[caption id="attachment_76479" align="alignleft" width="640"]Photo courtesy of the National/Facebook Photo courtesy of the National/Facebook[/caption]

What did you and Aaron (and Alec Hanley Bemis) want to accomplish by starting Brassland, and what has been most successful about it?

We started Brassland in 2000 with Alec, who I went to college with. Alec had been running a 'zine out of his house as a teenager. It was a post-punk kind of thing; it was just as the Internet was happening. Pitchfork was just starting, maybe. I had these two bands—one was The National, and one was Clogs—and it never occurred to either of those bands that there would be other labels that would be interested in putting out our music. We thought that we weren’t bold enough, or egotistical enough, or smart enough to shop it around. So we didn’t send it to anyone; we decided to start our own label. [Alec] had come out of that culture of Dischord and Thrill Jockey and indie labels that had been started by musicians, so we did it and released those two records.

The plan was always to keep it really small and to have it be about community. It’s always sort of been within our group of collaborators and friends; occasionally we’ve veered outside of that, to varying results. We’ve tried to release creative music, whether it be a rock band or an experimental cellist or a composer. Whatever it is, it’s music that we love and that has some real attention to detail in it.

We’ve been really successful at helping music get out there and get heard that otherwise maybe wouldn’t have. Despite indie rock’s kind of proclivity for creative music, I think that like any industry, the trajectory is always that managers, booking agents, and labels kind of only know one language: the language of corporations, to grow, to get bigger. Everything is kind of geared in that way—“How do we sell more records? How do we sell more tickets? How do we get more airtime on the radio?”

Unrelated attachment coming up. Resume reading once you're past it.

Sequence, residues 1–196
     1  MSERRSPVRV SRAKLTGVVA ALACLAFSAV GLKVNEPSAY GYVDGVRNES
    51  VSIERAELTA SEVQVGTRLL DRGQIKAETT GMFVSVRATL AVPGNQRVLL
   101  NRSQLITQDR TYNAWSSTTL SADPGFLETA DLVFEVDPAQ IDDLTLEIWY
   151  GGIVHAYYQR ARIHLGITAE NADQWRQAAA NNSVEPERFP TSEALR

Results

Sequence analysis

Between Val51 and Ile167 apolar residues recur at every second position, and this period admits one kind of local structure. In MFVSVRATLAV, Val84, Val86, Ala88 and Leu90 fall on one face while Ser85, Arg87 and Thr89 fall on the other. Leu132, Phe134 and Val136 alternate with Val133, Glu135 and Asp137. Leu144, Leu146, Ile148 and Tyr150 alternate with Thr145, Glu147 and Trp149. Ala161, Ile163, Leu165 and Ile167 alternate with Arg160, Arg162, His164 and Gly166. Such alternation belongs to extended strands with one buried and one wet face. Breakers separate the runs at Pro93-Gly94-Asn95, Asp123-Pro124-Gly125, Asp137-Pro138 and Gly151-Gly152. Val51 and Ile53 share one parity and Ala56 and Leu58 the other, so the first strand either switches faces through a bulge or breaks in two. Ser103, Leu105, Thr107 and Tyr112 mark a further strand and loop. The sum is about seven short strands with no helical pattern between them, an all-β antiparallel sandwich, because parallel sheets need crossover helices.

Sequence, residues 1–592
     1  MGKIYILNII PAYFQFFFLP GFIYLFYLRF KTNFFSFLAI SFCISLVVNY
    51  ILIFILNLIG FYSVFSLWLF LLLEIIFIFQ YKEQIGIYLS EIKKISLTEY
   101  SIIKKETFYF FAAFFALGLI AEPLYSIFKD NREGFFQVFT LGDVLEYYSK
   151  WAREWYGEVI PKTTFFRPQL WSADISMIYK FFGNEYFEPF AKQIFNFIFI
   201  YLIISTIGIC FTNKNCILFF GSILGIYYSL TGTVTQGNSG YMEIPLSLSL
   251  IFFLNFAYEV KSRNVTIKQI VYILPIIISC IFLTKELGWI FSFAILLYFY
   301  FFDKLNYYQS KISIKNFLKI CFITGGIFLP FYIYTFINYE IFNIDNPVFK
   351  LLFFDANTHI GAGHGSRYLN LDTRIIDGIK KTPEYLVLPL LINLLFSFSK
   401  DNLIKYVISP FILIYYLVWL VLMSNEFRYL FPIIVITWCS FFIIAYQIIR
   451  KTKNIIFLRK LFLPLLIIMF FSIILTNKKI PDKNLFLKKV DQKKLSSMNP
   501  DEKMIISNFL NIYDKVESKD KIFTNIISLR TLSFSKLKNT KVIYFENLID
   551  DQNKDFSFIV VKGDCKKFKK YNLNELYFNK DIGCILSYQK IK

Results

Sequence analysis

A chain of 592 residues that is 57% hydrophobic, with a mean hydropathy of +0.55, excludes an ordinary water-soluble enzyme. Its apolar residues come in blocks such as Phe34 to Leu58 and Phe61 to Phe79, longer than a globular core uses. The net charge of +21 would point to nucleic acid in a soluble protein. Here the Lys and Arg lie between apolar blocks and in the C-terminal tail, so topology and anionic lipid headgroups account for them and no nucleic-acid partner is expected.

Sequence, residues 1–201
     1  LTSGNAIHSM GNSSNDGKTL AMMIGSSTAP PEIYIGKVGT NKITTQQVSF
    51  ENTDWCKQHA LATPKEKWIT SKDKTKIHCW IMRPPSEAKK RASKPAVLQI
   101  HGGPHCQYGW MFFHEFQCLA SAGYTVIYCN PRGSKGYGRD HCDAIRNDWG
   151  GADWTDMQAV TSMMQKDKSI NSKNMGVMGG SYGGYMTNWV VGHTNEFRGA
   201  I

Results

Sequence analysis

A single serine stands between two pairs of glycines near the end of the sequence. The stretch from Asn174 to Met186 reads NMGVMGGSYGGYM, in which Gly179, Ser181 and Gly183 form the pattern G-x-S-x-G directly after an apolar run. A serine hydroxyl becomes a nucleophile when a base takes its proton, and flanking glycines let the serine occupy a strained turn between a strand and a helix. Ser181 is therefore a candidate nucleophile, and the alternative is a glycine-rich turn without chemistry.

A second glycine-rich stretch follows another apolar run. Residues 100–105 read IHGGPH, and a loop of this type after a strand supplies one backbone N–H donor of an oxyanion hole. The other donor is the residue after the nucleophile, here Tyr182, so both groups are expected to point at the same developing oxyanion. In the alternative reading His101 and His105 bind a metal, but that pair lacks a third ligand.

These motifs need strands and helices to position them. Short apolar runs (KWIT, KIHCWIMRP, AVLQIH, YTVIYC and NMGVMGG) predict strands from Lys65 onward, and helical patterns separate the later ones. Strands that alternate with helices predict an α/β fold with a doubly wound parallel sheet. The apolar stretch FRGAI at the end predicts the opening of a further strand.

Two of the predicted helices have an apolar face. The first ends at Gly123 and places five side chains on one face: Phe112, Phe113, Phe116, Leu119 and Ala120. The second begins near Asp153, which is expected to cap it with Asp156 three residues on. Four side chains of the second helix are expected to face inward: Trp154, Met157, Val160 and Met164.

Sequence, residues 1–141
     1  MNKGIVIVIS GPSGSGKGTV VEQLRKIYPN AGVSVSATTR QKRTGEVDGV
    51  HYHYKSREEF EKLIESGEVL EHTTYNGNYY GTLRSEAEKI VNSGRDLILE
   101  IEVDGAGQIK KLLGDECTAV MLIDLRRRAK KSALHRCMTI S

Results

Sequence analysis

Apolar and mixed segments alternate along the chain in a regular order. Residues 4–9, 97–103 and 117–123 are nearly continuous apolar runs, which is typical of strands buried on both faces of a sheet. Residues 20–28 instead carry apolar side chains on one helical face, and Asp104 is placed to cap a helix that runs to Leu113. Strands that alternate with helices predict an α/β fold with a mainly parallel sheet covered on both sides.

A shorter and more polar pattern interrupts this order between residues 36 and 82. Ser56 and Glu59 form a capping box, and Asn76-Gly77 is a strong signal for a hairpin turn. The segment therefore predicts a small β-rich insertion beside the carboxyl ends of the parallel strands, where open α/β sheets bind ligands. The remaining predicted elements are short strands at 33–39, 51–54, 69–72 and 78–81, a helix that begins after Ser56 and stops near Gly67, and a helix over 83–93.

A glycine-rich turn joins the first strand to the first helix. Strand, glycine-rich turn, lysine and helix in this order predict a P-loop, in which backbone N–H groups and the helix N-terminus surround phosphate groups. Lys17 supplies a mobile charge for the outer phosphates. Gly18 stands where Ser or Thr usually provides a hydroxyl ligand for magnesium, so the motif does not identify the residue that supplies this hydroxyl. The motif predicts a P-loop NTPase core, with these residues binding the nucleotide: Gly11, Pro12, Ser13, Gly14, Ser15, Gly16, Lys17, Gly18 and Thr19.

And it’s not that we’ve avoided doing that with Brassland, but we’ve kind of encouraged artists. People come to us with varying interests. So, in a way, we’ve kind of been successful at allowing people to be themselves and not push them in one direction that’s like, “Let’s make it tour-able and sellable.”

I think at a time when other indie labels are trying to grow and almost become closer to what a major label would be, we’ve basically kept our overhead low. We got a little bit lucky in that The National became successful. Those early National records still sell a little bit, and they kind of help fund the whole thing. It’s still a healthy business, and we’re still putting out records. We have probably our best group of artists now that we’ve ever had.

Aheym is out now on Anti-